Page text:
“Taking all of those arguments into account, there are also arguments working against residency. The requirement has not been strictly enforced except in the case of new recruits. That has prevented us from getting qualified applicants. Our community is best served when our appointing authority can choose from a large pool of qualified candidates. Our community is unique because it extends beyond our boundaries. Generally, when employees are given a choice to live elsewhere, they will choose to live near their place of employment.”

She suggested that perhaps the city could offer those employees who choose to live in Mesquite a “hometown bonus.”

Black also explained that some police officers feel threatened of themselves and their families by living in the same small community as those people they may have arrested or supervised in the local jail.

“I also believe that lifting the residency requirement will somewhat relieve the good ol’ boy network. At the most fundamental level, I disagree with the government telling you where you have to live,” Black said.

The only remaining council member from the 2013 passage is Councilman George Rapson, who said that while he fully agreed with the requirement back then, he has since changed his mind.

“I was a strong advocate of the residency requirement in the past years. After discussing this with the police and fire chiefs, I’ve changed my mind for many of the reasons that Ms. Black iterated. Pros [of removing the requirement] outweigh the cons.”

Rapson said that someone living 40 miles away would obviously have a slower reaction time than those who live in Mesquite. “That was one of my principle arguments back then. However, public safety is also best served by having the most qualified individual you can get for the position.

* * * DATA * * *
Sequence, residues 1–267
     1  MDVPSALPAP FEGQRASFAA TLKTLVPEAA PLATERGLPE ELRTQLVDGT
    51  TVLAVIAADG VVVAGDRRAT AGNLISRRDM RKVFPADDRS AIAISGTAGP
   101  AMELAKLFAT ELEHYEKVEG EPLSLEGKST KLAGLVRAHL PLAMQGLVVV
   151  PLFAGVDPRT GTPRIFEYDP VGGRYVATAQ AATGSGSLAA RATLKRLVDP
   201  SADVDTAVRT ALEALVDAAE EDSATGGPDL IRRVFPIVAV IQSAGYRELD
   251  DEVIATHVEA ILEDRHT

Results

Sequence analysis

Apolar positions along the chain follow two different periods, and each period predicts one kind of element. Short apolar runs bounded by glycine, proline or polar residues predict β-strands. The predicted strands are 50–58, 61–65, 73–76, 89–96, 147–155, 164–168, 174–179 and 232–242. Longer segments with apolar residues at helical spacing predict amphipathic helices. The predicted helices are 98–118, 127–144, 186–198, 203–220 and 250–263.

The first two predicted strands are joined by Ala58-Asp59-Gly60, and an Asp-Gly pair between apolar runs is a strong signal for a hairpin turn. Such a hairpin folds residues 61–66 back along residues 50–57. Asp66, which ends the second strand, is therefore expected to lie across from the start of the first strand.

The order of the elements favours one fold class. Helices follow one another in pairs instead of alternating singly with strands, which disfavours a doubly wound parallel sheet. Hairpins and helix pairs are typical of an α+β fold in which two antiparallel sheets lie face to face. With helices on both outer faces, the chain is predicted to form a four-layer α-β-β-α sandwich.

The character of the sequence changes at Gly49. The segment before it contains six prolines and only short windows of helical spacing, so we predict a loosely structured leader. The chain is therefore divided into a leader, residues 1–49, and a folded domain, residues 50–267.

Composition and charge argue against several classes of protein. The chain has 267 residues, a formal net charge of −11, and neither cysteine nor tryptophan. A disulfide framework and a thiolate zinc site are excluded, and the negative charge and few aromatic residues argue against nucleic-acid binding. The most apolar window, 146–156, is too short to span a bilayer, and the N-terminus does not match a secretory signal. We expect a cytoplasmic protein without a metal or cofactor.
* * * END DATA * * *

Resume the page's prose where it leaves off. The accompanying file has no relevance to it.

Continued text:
“We have had some issues recruiting qualified people. I’m not saying the employees we have are not qualified. But the applicants we get are not necessarily qualified. That changes the dynamics of the selection process.”

Rapson said that of those who were either grandfathered in or received a waiver to the residency requirement and live elsewhere have not affected the ability of the police and fire departments to respond to emergencies. “Until it does, that’s simply a theory.”

He added that the ability to recruit a “lateral” hire from outside the city in either police or fire services who is already trained and qualified would save the city money. Currently, when the city hires a new recruit in either department it often takes a year or more of school and on-the-job training before the employee can be fully utilized. The city must pay the full salary of the trainee during that time.

“If we get a lateral transfer from either St. George or Las Vegas, they’re trained, qualified, capable, and ready to rock,” Rapson said. “That saves a year and a half of training time. You cannot keep drawing from the same gene pool and get quality help at the end of the day. I have to support this which is contrary to where I’ve been for the last six years.”

The introduction of the resolution was approved on a 4-1 vote with Wursten being the only no vote.